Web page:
Hayden Memorial Library, 1948
One of the first building projects initiated after the end of World War II, Hayden Memorial Library (Building 14) is home to the Institute’s humanities and science collections.
The expansion of the Institute’s library system coincided with advances in the fields of library science, conservation, and photographic reproduction technologies. Coupled with the influx of new technical literature, largely brought on by the war, the Institute identified the need for increased storage and upgraded library facilities. Ralph Thomas Walker, an alumnus, was invited to take on the project of designing a library that would serve both the humanities and the sciences and successfully adapt to the rapid developments in technology that were underway.
The exterior of the two-story building is clad in limestone, and its isolated, ground-level presence along Memorial Drive sets it apart from earlier libraries at the Institute, such as Baker Library, which is housed directly underneath the Great Dome and deeply embedded within the labyrinthine network of spaces at MIT. Floor-to-ceiling windows look out onto the Charles River, flooding the study spaces with natural light. Following an extensive renovation in 2021 by Kennedy and Violich Architecture, the interior now boasts improved daylight and vertical circulation, flexible gathering spaces, and a redesigned courtyard with a woodland garden that features three sculptures by Jacques Lipchitz.
Ralph Thomas Walker was born in Waterbury, Connecticut, in 1889. After studying architecture at MIT (class of 1911), he received a Rotch Travelling Scholarship and served in the US Army Corps of Engineers in World War I. In 1919, Walker joined the office of McKenzie, Vorhees, and Gmelin (known today as HLW) in New York City, where he became a partner in 1926, designing numerous Art Deco skyscrapers during the twenties and thirties. Walker spent the remainder of his architectural career at the firm, where he also designed various laboratories and research centers across the US. Hayden Memorial Library was designed by Voorhees, Walker, Foley, and Smith, with Walker as principal.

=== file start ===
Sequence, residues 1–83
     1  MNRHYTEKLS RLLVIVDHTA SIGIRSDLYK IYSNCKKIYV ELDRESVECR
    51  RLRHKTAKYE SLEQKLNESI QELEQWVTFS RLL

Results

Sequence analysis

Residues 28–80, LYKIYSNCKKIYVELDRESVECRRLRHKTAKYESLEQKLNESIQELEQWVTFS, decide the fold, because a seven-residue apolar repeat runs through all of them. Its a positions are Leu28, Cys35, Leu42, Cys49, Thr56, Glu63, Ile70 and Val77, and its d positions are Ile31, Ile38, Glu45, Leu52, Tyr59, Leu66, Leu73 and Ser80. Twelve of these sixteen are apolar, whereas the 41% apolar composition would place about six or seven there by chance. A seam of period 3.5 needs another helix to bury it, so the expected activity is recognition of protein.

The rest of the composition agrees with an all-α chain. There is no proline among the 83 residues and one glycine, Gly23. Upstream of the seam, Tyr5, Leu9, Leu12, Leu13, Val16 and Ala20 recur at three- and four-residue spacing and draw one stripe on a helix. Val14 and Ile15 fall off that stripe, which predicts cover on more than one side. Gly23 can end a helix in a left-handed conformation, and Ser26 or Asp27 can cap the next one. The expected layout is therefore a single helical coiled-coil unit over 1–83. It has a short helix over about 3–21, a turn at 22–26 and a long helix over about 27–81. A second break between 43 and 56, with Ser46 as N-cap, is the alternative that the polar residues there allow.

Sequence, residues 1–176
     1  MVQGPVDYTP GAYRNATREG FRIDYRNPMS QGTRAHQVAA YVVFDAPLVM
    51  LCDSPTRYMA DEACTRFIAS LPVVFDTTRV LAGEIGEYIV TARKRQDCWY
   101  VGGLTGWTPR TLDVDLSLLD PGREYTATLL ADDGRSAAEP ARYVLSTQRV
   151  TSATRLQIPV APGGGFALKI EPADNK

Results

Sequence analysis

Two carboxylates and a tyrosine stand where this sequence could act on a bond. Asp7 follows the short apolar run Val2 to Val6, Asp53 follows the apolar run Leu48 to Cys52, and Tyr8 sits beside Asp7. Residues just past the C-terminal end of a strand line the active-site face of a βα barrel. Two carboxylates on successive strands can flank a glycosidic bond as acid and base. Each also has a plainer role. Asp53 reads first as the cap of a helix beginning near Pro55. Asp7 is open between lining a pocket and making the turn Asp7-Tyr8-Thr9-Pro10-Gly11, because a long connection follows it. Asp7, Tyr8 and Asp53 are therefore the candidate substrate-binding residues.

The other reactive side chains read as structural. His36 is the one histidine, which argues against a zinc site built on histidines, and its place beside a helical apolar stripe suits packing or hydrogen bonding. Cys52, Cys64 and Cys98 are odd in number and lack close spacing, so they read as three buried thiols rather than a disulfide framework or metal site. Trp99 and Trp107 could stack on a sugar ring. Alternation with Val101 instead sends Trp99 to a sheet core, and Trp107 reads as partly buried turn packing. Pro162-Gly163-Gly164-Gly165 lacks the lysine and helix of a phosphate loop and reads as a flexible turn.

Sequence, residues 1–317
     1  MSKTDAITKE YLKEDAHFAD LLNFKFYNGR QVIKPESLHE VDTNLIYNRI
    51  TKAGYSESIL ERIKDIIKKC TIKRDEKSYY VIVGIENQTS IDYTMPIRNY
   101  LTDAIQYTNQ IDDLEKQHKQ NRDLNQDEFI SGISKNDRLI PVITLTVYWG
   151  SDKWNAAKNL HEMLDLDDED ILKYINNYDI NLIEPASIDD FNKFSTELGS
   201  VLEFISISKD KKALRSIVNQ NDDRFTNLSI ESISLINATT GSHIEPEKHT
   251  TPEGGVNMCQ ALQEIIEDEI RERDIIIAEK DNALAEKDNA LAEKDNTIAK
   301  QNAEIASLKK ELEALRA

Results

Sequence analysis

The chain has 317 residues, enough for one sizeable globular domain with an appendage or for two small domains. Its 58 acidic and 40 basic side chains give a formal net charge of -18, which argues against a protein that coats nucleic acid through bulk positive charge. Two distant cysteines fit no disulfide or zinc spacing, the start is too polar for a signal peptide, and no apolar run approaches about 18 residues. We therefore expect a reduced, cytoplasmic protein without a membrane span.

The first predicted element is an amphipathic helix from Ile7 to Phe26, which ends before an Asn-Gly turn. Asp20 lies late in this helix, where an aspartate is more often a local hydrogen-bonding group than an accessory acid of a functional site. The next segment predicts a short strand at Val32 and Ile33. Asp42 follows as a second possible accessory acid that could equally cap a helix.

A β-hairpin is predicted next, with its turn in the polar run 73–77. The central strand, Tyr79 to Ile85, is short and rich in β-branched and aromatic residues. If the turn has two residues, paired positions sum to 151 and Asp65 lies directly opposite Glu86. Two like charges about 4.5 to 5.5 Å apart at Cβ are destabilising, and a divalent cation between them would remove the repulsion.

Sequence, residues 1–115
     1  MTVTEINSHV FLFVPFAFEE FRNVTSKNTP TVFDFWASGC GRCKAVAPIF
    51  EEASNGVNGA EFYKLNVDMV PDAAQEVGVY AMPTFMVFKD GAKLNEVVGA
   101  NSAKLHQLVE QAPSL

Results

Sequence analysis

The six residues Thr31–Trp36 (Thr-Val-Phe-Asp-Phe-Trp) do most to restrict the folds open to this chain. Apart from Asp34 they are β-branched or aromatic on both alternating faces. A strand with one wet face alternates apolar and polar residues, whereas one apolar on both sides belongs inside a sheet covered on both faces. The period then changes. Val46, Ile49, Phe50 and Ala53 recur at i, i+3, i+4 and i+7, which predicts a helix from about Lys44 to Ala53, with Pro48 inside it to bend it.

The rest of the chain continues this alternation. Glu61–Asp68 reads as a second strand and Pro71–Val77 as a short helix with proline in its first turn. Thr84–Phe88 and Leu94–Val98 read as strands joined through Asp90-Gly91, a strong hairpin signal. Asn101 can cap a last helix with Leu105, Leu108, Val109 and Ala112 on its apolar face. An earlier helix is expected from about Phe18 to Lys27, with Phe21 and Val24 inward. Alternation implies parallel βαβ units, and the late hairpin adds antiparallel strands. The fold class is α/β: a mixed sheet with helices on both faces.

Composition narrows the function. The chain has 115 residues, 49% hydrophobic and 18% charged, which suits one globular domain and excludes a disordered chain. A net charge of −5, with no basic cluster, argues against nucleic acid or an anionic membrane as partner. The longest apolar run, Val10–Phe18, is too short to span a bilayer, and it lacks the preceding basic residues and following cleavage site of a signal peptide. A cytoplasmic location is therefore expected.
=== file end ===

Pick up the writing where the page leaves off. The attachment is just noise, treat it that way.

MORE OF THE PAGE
Notable projects completed by Walker include the Barclay-Vesey Telephone Building (now the Verizon Building), New York; the Western Union Building (now 60 Hudson Street), New York; the Irving Trust Building (now One Wall Street), New York; Bell Telephone Laboratories Headquarters Building, Murray Hill, New Jersey; and buildings for the 1939 World’s Fair in New York. He was President of the American Institute of Architects from 1949 to 1951 and received the AIA Gold Medal in 1957. Walker died in Chappaqua, New York, in 1973.